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Emma, a golden retriever, clearly loves her hydrotherapy sessions at Doggie Paddle in Portland, Oregon. The two and a half-year-old swims for 45 minutes with the water jets blasted on high. And then there’s two-year-old Labrador retriever Seamus. “He won’t get out of the pool unless he’s retrieved four rubber chickens. Not two or three, but always four,” says Julie Thomas, who owns the canine therapeutic swimming and exercise business.
While the sessions might seem like fun and games to Emma and Seamus, hydrotherapy provides important physical therapy to dogs, especially those who have difficulty engaging in regular outdoor activities. “It can be comparable to human physical therapy, only for dogs,” Thomas says.
What Is Hydrotherapy?
Hydrotherapy usually involves either a small pool with a treadmill or, in the case of Doggie Paddle, a larger pool with adjustable swim jets that provide resistance. With the latter on high, just a five minute swim can be equivalent to a five mile run. Most facilities keep the temperature comfortable and warm. Chlorine can irritate the skin, coat and eyes of dogs, so look for a pool that offers some other, gentler form of filtration and sanitizing.
Dogs either walk right in or, if they need a bit of help, are carried into the pool. “I had a Great Dane once who just lay in my arms and did not move a muscle,” shares Thomas. “I simply got behind him and moved his legs as though he were riding a bicycle.” This got his circulation going, helping to relax his muscles and improve his joint function.
Which Dogs Benefit Most From Hydrotherapy?
Thomas says that at least seven types of get the most out of hydrotherapy, including:
· Dogs recovering from surgery. This includes canines that have undergone everything from amputations to hip surgery.
· Overweight dogs. For pooches with packed-on pounds, swimming provides “a safe, low-impact way to burn calories.”
· Older dogs. When arthritis kicks in and energy levels slow down, hydrotherapy can still provide your pet with regular exercise.
· Overactive dogs. Some healthy dogs just have incredible energy to burn. They can work it off safely in the pool without driving your family nuts.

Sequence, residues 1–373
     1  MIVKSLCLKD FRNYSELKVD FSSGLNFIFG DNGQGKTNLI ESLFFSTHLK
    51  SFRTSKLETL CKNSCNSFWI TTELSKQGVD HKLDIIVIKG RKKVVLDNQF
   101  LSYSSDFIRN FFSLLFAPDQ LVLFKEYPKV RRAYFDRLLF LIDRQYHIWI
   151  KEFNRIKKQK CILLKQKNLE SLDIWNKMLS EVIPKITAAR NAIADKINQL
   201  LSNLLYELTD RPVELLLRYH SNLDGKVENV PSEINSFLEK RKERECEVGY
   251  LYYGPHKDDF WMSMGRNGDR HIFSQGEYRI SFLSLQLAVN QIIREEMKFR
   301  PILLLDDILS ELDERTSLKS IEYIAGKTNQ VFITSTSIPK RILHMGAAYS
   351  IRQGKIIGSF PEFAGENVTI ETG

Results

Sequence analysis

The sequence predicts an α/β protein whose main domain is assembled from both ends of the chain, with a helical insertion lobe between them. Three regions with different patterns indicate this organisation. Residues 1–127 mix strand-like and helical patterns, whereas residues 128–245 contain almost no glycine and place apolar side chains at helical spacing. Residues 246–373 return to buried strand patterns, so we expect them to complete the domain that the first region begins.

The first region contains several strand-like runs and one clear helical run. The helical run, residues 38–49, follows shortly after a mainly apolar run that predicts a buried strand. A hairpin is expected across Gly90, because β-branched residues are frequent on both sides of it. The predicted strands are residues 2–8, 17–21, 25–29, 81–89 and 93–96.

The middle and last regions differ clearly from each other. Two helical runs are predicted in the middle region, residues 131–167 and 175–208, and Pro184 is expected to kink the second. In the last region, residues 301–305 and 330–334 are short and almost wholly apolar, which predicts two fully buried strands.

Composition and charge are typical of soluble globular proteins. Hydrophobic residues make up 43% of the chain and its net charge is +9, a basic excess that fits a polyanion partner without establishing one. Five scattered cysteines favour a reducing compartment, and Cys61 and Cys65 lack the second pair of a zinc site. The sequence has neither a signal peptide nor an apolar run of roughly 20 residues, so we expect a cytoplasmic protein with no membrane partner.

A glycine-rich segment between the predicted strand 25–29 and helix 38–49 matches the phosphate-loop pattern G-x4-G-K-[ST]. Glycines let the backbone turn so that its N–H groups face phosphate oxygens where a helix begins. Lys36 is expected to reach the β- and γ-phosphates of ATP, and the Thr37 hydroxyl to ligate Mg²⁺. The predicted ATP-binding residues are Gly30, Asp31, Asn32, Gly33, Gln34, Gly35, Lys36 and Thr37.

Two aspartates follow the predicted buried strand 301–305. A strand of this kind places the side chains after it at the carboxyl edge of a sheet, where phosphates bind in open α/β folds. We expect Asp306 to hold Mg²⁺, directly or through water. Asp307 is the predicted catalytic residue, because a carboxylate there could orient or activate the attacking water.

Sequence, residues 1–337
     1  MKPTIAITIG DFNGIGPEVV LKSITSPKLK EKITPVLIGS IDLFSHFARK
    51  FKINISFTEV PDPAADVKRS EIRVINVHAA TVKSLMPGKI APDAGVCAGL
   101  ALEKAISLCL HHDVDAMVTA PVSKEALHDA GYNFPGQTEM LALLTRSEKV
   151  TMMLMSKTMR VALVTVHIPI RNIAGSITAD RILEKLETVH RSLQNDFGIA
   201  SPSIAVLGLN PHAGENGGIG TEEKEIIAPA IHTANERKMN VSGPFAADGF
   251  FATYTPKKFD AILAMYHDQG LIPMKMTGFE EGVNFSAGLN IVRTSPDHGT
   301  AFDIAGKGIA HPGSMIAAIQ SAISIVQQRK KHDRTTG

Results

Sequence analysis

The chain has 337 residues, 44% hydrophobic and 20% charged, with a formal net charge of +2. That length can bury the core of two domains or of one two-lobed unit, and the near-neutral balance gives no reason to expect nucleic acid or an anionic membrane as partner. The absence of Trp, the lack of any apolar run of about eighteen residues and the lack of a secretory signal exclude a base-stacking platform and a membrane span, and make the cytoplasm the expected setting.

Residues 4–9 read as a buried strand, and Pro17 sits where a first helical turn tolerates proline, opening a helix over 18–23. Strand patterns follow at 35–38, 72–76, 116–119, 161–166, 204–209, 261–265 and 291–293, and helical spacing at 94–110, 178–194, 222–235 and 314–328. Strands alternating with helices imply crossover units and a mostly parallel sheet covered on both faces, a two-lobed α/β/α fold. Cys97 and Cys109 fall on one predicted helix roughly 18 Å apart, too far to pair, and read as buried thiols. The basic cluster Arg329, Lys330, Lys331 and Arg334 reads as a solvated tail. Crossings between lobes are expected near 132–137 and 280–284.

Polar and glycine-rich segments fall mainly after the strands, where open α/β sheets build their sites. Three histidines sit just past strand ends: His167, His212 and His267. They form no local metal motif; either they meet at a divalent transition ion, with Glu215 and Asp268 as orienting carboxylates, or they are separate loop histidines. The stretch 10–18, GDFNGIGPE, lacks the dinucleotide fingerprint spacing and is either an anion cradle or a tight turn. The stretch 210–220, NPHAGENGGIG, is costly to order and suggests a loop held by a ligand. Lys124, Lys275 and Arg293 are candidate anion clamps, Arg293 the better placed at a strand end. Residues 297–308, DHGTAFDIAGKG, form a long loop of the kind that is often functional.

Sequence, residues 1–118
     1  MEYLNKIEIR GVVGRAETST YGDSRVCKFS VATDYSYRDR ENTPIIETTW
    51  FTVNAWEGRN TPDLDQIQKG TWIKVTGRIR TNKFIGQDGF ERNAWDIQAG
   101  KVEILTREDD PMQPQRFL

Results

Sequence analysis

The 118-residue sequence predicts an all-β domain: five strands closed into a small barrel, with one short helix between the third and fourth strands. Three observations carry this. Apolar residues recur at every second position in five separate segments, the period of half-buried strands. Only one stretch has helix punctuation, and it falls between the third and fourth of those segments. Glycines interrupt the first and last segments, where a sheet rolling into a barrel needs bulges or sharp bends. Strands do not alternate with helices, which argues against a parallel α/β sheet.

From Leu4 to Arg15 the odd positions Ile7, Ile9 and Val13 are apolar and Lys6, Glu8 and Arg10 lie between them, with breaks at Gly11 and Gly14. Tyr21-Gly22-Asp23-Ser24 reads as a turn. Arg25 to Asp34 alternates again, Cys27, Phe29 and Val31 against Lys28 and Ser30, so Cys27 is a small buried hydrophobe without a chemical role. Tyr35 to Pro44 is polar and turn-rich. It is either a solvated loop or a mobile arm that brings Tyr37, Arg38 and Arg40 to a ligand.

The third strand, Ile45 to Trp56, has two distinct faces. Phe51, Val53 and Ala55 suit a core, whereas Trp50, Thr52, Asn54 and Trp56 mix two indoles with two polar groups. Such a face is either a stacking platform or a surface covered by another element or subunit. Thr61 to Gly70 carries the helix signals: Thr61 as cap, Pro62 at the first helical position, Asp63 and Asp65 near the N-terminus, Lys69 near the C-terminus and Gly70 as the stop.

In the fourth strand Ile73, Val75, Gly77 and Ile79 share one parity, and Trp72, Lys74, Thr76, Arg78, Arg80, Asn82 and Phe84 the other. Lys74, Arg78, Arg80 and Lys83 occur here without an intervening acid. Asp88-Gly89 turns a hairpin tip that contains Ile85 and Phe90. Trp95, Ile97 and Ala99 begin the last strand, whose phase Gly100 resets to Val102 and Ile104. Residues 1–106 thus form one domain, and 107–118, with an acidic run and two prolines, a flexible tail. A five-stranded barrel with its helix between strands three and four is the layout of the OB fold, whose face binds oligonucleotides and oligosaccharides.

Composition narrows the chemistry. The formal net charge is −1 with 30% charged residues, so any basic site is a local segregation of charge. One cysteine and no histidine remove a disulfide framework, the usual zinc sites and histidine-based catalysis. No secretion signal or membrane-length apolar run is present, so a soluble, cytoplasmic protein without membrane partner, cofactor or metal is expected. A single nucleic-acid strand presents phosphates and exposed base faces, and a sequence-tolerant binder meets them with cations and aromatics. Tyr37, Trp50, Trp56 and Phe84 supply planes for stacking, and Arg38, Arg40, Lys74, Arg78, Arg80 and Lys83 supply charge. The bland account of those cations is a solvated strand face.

· Sporting dogs. Dogs that compete in sports, such as agility, gain conditioning from pool time.
· Dogs -- both literally and figuratively -- on their last legs. Thomas often sees dogs right before they are euthanized, allowing the dogs to naturally relax and providing owners with one final meaningful, shared moment with their beloved pet.
· Dogs up for adoption. Doggie Paddle is located very near the Oregon Humane Society’s Westside adoption center.
How Hydrotherapy Helps Homeless Hounds
Go into any animal shelter, and you’re bound to see dogs looking less than fabulous. They are often stressed, older, out of shape and perhaps feeling unloved. That’s where Thomas’ work comes into play. For the past two years, she’s been donating swim sessions to homeless dogs and improving their chances for adoption.
“They not only get in shape physically, but they also become more socialized and used to handling,” she explains. Karl Willard, an animal care technician at the OHS, believes the shelter is the first in the country to offer this form of enrichment.
Splashy Fun for Owners Too
At some pools, such as the one at Doggie Paddle, owners can go in along with the dog(s). This can lead to a great workout for all, and what amounts to a mini-refreshing pool party.
“Sometimes friends will do this together,” Thomas says. “I have a few clients who bring all six of their bearded collies.” She has yet another client who brings her four dogs -- along with her 5-year-old son.
The Human-Dog Connection
Before starting her hydrotherapy business, Thomas earned a doctorate in adult education and gerontology. She is also certified to do hydrotherapy and massage for dogs. All have come in handy. “In terms of gerontology, the basic concepts concerning many physical issues, emotional concerns, and more carry over to dogs,” she says.As for massage, many dogs enjoy a soothing rubdown as they enter or exit the Doggie Paddle pool via ramp. “Dogs frequently bark like crazy in their owner’s cars because they can’t wait to get here,” she says. After hydrotherapy, they display another mood, she concludes. “One dog is so relaxed that he drifts into blissful slumber after each session.”
Jennifer Viegas is the managing editor of The Dog Daily. She is a journalist for Discovery News, the news service for the Discovery Channel, and has written more than 20 books on animals, health and other science-related topics.
Dog heights generally range from a few inches at the withers to around: